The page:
Patterson also admits "retrofit lamps are a difficult market due to the size constraints,” adding that “you're taking a light bulb, such as a MR16 or GU10, in very small two-inch-diameter envelopes that have to fit all the electronics."

MOSFET integration

The primary reason why LED driver manufacturers integrate MOSFETs into their drivers is to help designers reduce board space. "Because you no longer need an external MOSFET, it increases the amount of PCB available for other features, or it reduces the board space to fit into smaller fixtures such as decorative lighting or lighting under cabinets," said Brian Johnson, LED lighting technical marketing manager for Fairchild Semiconductor.

Another big factor is cost. Eliminating the packaging and placement of the MOSFET on the board reduces overall cost, and the integrated device could eliminate other components including a resistor and diode combination, often used to adjust the turn on/ turn off time of the MOSFET. As an example, Fairchild Semiconductor's FLS0116, FLS3217, and FLS3247 drivers with integrated MOSFETs handle that function internally on the chip so it guarantees how fast that MOSFET turns on and off.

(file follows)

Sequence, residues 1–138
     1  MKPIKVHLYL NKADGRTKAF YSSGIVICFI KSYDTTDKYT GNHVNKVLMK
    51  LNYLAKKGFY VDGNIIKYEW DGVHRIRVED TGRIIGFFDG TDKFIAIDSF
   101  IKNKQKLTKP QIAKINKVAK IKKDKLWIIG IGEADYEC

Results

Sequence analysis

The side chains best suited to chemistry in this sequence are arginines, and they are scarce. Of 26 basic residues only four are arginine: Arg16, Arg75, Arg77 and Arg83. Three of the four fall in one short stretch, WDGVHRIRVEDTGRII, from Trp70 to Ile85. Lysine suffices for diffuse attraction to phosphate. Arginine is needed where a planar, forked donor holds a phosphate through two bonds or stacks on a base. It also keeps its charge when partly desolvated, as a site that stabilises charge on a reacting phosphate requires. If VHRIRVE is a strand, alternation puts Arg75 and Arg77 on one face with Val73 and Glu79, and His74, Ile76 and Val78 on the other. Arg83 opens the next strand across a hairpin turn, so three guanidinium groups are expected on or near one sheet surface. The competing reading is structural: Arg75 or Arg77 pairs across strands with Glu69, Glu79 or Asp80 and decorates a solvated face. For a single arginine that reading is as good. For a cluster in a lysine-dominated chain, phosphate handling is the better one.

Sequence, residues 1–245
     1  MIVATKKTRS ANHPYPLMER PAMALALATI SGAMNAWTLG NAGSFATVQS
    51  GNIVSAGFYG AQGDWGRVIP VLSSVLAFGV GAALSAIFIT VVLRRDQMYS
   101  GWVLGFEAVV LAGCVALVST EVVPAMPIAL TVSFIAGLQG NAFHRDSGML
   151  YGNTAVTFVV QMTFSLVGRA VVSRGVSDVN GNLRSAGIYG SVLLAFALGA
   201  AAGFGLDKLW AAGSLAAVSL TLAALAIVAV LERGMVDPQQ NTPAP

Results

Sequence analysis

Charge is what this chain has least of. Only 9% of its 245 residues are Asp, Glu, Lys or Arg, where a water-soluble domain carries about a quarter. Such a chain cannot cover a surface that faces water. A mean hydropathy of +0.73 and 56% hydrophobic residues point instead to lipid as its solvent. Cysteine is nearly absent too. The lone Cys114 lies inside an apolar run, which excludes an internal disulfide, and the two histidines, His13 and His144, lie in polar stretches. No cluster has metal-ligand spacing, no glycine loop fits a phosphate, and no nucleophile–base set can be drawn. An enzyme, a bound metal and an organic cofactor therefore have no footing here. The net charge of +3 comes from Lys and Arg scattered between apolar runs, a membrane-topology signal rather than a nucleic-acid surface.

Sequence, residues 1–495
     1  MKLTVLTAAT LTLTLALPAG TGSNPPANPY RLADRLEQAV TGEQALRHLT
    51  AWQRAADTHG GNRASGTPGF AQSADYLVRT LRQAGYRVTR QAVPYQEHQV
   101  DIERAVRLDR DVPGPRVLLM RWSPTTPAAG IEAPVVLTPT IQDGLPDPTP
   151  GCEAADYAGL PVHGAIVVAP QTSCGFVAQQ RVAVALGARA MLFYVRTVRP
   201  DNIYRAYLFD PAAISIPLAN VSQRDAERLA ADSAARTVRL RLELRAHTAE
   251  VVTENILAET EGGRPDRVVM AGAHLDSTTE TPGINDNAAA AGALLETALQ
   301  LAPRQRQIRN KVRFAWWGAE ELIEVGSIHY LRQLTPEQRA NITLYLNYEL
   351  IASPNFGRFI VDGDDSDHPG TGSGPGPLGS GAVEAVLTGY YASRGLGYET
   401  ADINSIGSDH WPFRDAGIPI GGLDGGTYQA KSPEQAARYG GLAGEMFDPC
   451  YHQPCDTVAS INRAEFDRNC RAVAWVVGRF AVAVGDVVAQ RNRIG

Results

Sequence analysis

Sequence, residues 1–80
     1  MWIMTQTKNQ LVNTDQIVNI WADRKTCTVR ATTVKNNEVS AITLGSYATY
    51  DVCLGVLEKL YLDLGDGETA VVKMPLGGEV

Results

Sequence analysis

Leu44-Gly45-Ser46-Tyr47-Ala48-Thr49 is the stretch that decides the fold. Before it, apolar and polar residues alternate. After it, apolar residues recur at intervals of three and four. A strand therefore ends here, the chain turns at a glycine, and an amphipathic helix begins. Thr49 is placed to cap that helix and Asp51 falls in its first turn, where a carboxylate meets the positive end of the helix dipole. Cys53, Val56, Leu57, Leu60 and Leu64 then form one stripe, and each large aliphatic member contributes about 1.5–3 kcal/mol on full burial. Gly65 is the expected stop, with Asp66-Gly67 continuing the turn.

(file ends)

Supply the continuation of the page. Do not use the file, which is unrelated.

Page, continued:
A related benefit is reliability. One less part translates into one less part to worry about failing in the driver circuit.

Fairchild Semiconductor's FLS0116, FLS3217, and FLS3247 also integrate power factor correction (PFC), targeting low-power LED applications, and protection features such as overtemperature protection and undervoltage lockout, which help to improve LED lamp system reliability.

The FLS0116 (Figure 1) with an integrated 1 A, 550 V MOSFET uses an "adopted digital" technique to achieve active PFC. The technique senses where the zero voltage is occurring and then synthesizes the voltage waveform in order to control the current and achieve good power factor (PF). It also automatically detects AC and DC input voltage conditions.